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Int Labour Day: Rwanda Workers Union Push for Increased Minimum Wage

Rwanda workers union has called on the government to increase minimum wage employers pay their staff, as the country joined the rest of the world to celebrate International Labour Day.

CESTRAR general-secretary Eric Manzi.

Central Trade Union of Workers of Rwanda (CESTRAR), Rwanda’s biggest Trade Union made the demand on behalf of employees including raising the minimum wage, paying for over time and paying salaries that commensurate with market prices.

Speaking to reporters during Labour Day celebrations in the Rwanda capital Kigali on Sunday, CESTRAR general-secretary Eric Manzi said workers were being exploited in the face of high living cost in the country.

"The existing legislation on minimum wage that was enacted 42 years ago is out-dated and exposes workers to exploitation by their employers and poor working conditions," he added.

The most well-known but defunct minimum wage in Rwanda was enacted in 1974 labour law, which stipulated that the least paid worker should earn 0.134 U.S. dollars a day, and CESTRAR says government should come out strongly to protect its labour force from what they term as exploitation.

Manzi argued that their demand is based on the increasing market prices and cost of living especially in Kigali which makes hard for workers to sustain their livelihoods.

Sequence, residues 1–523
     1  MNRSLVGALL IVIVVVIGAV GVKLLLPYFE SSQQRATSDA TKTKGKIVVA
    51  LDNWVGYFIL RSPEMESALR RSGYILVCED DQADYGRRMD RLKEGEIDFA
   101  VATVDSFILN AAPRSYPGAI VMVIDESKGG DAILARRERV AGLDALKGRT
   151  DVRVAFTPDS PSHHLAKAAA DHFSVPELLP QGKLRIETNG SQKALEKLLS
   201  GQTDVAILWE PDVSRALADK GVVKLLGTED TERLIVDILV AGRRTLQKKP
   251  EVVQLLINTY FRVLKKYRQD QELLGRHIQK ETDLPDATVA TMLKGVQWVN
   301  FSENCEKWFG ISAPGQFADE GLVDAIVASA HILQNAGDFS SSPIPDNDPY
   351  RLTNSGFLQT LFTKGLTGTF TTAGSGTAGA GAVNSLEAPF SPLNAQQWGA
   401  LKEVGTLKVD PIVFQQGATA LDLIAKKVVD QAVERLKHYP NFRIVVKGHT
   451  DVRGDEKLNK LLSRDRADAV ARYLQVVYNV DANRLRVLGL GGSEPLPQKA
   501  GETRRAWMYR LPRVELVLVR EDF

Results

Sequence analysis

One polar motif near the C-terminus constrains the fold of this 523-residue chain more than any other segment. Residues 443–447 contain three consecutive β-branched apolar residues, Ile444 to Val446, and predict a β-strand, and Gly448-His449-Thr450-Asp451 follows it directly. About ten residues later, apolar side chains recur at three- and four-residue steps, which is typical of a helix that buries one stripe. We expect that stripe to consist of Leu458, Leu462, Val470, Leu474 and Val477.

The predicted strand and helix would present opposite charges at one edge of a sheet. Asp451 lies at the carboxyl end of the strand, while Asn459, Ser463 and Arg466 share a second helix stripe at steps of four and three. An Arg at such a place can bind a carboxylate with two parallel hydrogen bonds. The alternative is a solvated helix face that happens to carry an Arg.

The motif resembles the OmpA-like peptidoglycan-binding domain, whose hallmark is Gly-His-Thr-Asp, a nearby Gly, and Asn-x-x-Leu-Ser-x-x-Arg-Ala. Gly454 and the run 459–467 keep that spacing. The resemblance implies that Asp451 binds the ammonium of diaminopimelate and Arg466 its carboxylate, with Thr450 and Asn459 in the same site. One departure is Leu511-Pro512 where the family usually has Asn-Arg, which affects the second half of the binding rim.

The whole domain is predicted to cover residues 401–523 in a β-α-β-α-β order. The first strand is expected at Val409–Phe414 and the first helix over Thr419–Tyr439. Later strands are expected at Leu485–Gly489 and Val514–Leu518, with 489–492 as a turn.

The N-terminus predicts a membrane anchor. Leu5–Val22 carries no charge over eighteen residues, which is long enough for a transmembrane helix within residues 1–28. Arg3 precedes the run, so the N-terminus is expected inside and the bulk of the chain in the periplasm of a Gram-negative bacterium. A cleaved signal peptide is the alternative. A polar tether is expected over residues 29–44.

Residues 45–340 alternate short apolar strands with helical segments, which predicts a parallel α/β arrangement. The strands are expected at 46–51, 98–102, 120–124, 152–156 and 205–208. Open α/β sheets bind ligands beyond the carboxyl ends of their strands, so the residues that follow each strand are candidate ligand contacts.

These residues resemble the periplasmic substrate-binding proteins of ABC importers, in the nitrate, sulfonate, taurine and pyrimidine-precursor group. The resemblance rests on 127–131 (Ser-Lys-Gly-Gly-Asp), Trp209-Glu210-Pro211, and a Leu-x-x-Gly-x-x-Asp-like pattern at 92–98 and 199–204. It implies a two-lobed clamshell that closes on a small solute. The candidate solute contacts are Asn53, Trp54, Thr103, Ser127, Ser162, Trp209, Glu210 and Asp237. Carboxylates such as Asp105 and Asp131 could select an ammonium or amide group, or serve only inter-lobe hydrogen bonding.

However Rwanda’s 2009 Labour Law offers no minimum wage despite the government ratifying 28 international labour conventions and a range of national employment Acts.

Article 77 of the 2009 labour law determines that salaries and other benefits should depend on the rate of the work done, leaving many casual labourers at the mercy of their bosses.

According to Judith Uwizeye, Rwanda minister of labour, the government is considering revising a minimum wage for workers after collective consultations with the relevant organs.

Judith Uwizeye, Rwanda minister of labour.

"Revising minimum wage requires analysing employment trends, cost of living, and wage trends by profession and geographical regions. The consultations with other stakeholders would ensure the outcome is fair to all parties," said Uwizeye.

By Robert Muriisa.

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